The ‘twin’ villages of Kingsand and Cawsand nestle into the forgotten south-east corner of Cornwall north of the distinctive Rame Head. Separated by Pemberknowse Point they are only 200m apart and joined by Garrett Street. Facing out across Plymouth Sound all the naval and sailing activity can be clearly viewed. They are very sheltered except for easterly winds. Kingsand has two beaches and until 1844 was part of Devon whereas Cawsand has always been in Cornwall. Both villages were once based on fishing and smuggling with former smuggling tunnels sealed up years ago. Two small beaches known as Sandway Cellars are 600m north of Kingsand. Again to the north of the villages there is Mount Edgcumbe Country Park, which was once the home of the Edgcumbe family with its stately home but is now owned and managed jointly between Cornwall Council and Plymouth City Council. There is a regular ferry service between Cawsand and the Barbican at Plymouth. They are attractive, unspoilt and somewhat sleepy villages which are popular for boating and water based activities.
PL10 1NA - for Kingsand and PL10 1PJ - for Cawsand. They are not easy to get to from Plymouth by road so it is best to use the ferry service if possible otherwise the quickest way is to cross the Tamar by the Torpoint Ferry and follow the A 374 to Antony and then turn left on to the B3247 and after 1.5kms at the T junction turn left to Millbrook; go through the village on the road to Mount Edgcumbe and after 1km turn right and immediately left; the road forks after 1km – go straight on for Kingsand and right for Cawsand. The Kingsand car park (capacity 125 cars) is at the bottom of the very narrow Fore Street but is not suitable for larger vehicles due to the access. Cawsand car park (capacity 150+ cars) is at the end of New Road and well signed. There is only a very limited number of roadside parking spaces due to restrictions. From the west and Looe take the A387 to the A374 past Polbathic and turn off on to the B3247 and Crafthole and continue the road as described above.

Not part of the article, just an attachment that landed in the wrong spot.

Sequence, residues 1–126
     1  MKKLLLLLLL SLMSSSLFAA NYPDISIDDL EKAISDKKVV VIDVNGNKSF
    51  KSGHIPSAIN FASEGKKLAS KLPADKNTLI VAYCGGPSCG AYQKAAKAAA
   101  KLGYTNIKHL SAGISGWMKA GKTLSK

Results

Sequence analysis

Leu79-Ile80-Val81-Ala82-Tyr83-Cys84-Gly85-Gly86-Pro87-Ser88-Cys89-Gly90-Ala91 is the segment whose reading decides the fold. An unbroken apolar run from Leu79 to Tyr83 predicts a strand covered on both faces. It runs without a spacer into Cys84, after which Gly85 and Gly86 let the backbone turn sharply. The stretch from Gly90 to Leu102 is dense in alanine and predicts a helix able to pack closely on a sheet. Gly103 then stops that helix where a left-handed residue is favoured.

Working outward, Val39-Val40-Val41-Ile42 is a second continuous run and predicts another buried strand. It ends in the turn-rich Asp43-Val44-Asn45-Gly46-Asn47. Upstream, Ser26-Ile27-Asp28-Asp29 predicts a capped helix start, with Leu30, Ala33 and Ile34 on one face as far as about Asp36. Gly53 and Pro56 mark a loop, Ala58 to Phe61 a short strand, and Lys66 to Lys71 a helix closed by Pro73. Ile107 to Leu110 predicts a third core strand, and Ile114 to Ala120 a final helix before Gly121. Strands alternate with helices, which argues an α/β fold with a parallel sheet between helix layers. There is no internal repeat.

The southerly beach at Kingsand is only a short walk from the car park with a short ramp and steps down to the beach. The northerly beach can be reached by turning left at the Institute (and clock tower) and after 50m there is a slipway access on to the beach. To reach Sandway beaches continue along the Cleave; at the end of the road there is a public footpath which runs next to the foreshore for about 700m to the first of the beaches with a second a little further on. From the Cawsand car park it is a walk of 200m down Armarda Road to the slipway access on to the beach.
All the beaches are mostly shingle with patches of sand. At Kingsand there is little or no beach at high water but there is a narrow strip at Cawsand and also the Sandway beaches although the further beach at Sandway is mostly stone at high water. All the beaches gently slope down to low water. There is rocky but accessible foreshore at the ends of all the beaches. The nearest Sandway Beach has a rocky area in the centre of it and a bathing stage.
There is safety/rescue equipment above both Kingsand and Cawsand beaches but nothing at Sandway. It is safe to swim from all the beaches when the conditions are favourable, although care needs to be taken with all the boating activity that can be close into the shore. They are not surfing beaches but Cawsand has good access to the beach for windsurfing out into the Sound.
There is some great snorkelling to be found especially south of Cawsand around Rowse Rocks and Conger Point less than 150m from the beach. There are many interesting rock pools at low water with the best being in the rocky foreshore south of Cawsand Beach.
Dogs are permitted all year at Kingsand but restricted at Cawsand Beach from Easter Day until the beginning of October. There are toilets above the beach at Cawsand and are rather quirky at Kingsand as the ‘ladies’ and disabled toilets are in a separate location to the ‘gents’ but well signed. There are shops, cafes, pubs and restaurants at both villages.
Cawsand is a popular place for dinghy sailing and kayaking. The slipway at Cawsand is best for launching small craft as the vehicular access is easier; it is not advisable not to try and negotiate the narrow streets to get to the Kingsand slipway.
Water quality is generally good with just an occasional dip in standards. The beaches are small but with many facilities close by are good for families, especially as the slipways provide a good access for pushchairs. The Cawsand slipway is also suitable for wheelchairs. Sandway Beaches are quite secluded. None of the beaches get especially crowded.
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